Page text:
A mysterious disease that causes sea stars to disintegrate is exploding on the Oregon Coast.
Oregon State University (OSU) marine ecologist Kristen Milligan said Wednesday that Oregon was largely spared last year as the disease known as sea star wasting syndrome spread in California, Washington, British Columbia and Alaska.
But monitoring of tide pools along much of the coast shows the number of sea stars affected has jumped from just 1 percent in April to as high as 50 percent. The greatest concentration is at Fogarty Creek north of Depoe Bay. One was found as far north as Seaside.
“This is an unprecedented event,” said Bruce Menge, a professor of marine biology at OSU.
- The latest on Seahawks safety Kam Chancellor's holdout
- Seattle restaurant manager killed hiking in Alaska
- Haggen sues Albertsons for $1 billion over big grocery deal
- Report gives Seattle drivers worst marks yet; Bellevue isn't far behind
- Seahawks trade Kevin Norwood, make other moves to get roster to 75
Most Read Stories
“It’s very serious. Some of the sea stars most heavily affected are keystone predators that influence the whole diversity of life in the intertidal zone,” Menge said.
Milligan, research program coordinator for the Partnership for Interdisciplinary Studies of Coastal Oceans at OSU, says the cause of the disease is still unknown. Scientists are studying the disease.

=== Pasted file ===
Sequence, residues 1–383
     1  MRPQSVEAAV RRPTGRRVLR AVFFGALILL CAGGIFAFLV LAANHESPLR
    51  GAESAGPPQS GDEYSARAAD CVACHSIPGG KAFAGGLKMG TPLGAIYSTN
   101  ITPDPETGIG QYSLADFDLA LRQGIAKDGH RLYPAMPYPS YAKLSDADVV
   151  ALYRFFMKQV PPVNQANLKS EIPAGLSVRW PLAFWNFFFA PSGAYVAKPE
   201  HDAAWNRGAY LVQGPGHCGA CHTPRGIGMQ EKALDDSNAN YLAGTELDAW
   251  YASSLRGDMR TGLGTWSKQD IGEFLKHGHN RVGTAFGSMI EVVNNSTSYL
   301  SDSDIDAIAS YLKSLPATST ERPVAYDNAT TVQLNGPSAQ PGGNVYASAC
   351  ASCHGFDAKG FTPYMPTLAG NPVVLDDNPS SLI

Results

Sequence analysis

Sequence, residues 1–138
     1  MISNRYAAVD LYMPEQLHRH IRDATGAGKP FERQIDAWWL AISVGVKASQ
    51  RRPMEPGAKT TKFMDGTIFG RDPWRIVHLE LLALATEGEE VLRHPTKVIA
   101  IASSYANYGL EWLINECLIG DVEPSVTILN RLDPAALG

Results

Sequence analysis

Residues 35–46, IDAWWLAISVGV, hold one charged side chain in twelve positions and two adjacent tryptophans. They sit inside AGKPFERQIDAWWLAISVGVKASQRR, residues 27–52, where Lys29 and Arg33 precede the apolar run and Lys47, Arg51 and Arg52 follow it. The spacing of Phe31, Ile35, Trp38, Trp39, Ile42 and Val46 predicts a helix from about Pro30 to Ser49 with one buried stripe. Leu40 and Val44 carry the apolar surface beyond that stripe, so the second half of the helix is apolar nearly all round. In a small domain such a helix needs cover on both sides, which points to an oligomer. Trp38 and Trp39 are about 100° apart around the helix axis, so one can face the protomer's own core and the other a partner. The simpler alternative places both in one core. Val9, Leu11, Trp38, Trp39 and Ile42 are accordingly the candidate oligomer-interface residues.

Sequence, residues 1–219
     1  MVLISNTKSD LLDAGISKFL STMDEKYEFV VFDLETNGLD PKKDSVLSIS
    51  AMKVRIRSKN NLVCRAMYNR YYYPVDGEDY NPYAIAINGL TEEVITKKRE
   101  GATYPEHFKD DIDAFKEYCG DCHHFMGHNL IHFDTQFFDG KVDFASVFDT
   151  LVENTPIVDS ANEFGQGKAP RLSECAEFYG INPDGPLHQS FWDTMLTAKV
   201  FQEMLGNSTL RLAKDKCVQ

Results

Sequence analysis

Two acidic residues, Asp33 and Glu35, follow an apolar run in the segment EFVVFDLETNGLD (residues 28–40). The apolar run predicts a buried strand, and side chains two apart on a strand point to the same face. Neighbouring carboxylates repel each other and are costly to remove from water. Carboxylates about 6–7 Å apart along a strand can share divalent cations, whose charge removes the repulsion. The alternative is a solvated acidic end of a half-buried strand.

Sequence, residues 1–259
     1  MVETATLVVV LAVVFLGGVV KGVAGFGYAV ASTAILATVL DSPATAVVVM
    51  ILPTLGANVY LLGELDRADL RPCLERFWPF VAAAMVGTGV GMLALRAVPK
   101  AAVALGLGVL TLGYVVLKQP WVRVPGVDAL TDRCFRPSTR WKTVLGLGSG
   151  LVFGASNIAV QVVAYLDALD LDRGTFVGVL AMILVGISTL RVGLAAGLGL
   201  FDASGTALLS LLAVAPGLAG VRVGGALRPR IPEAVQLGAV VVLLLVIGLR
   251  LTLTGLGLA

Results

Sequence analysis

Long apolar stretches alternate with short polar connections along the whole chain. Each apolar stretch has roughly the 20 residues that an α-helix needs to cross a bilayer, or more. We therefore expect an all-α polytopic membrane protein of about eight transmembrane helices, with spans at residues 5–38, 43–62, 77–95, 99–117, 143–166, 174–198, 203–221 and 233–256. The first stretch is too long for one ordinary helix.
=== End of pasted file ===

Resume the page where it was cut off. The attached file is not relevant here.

In Oregon, the disease is primarily affecting ochre sea stars, the purple and orange creatures commonly seen in tide pools, but in all, it has affected 10 different species up and down the coast. Among them is the sunflower sea star, which has 16 to 20 appendages, grows as big as 3 feet in diameter and lives close to shore in areas not exposed by low tides.
Losing so many sea stars — a major predator of mussels and sea urchins — could throw the marine ecosystem out of balance, Milligan said.
More mussels would crowd out other species, such as algae. More sea urchins would eat more kelp, reducing habitat for fish, she said.